Q: I'm trying to find stocks for my IRA. How can I find stocks I can buy and hold forever?

First, I never suggest simply buying a stock and completely forgetting about it for years. It's always a good practice to occasionally check how each company that you're invested in is doing. This can be the simple act of reading quarterly earnings and annual reports, but it's still important to know what's going on.

Having said that, there are some steps you can take to craft a portfolio of low-maintenance stocks.

A good first step is to apply what I call the "50-year test." Ask yourself if you're 100% certain if the company's business will still be around in 50 years. For example, I like to invest in the banking and real estate sectors in my IRA. People will always need safe places to put their money, as well as physical structures to live in and conduct business in. Will they always need, say, action cameras? Maybe, but maybe not -- at least not as we know them now.

Once you're certain the industry passes the 50-year test, try to identify a sustainable competitive advantage that will keep the company's market share intact for years to come. As one example from my own portfolio, Realty Income (NYSE:O), which invests in freestanding retail properties, has a lower cost of capital and greater financial flexibility than its peers.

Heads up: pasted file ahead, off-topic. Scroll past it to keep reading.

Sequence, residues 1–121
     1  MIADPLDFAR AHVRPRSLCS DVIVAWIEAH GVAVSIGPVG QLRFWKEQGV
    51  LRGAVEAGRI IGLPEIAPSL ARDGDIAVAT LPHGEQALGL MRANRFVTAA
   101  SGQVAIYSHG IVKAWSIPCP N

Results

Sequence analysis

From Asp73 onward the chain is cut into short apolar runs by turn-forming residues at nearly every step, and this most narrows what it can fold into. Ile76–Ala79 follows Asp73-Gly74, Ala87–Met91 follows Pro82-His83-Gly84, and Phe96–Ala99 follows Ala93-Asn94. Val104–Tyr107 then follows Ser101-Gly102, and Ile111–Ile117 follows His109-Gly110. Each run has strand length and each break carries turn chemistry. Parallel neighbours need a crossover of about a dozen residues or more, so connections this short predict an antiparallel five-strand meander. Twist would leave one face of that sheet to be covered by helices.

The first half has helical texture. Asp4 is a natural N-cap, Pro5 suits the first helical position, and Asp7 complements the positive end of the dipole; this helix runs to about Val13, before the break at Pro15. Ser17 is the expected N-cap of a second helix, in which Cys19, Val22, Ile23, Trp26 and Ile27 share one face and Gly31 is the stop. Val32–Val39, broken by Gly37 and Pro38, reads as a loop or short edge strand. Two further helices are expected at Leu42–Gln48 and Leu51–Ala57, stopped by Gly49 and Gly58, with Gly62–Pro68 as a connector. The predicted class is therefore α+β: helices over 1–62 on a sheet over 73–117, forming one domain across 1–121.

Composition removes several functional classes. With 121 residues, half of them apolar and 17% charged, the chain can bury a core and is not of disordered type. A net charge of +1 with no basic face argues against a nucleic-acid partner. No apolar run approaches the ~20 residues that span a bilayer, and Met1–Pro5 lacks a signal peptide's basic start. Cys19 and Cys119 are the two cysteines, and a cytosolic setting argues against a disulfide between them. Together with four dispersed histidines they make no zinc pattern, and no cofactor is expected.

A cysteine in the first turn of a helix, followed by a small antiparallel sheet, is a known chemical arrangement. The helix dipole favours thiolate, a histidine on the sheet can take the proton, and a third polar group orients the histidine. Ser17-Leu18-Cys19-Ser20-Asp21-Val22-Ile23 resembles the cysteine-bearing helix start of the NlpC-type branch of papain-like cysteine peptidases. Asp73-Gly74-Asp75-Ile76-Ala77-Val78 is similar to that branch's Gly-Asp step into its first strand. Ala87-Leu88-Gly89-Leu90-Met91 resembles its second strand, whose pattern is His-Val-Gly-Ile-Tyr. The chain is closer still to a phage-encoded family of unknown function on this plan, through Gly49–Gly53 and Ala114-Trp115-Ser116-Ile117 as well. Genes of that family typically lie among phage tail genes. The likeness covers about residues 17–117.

Finally, it's also a smart idea to look at the company's track record of earnings growth. Past performance is no guarantee of future results, but companies that have steadily grown for decades have better chances of doing the same in the future.

Offer from The Motley Fool: The 10 best stocks to buy now
Motley Fool co-founders Tom and David Gardner have spent more than a decade beating the market. In fact, the newsletter they run, Motley Fool Stock Advisor, has tripled the S&P 500!*

Tom and David just revealed their ten top stock picks for investors to buy right now.

Click here to get access to the full list!

*Stock Advisor returns as of 4/3/2017.

This article represents the opinion of the writer, who may disagree with the “official” recommendation position of a Motley Fool premium advisory service. We’re motley! Questioning an investing thesis -- even one of our own -- helps us all think critically about investing and make decisions that help us become smarter, happier, and richer.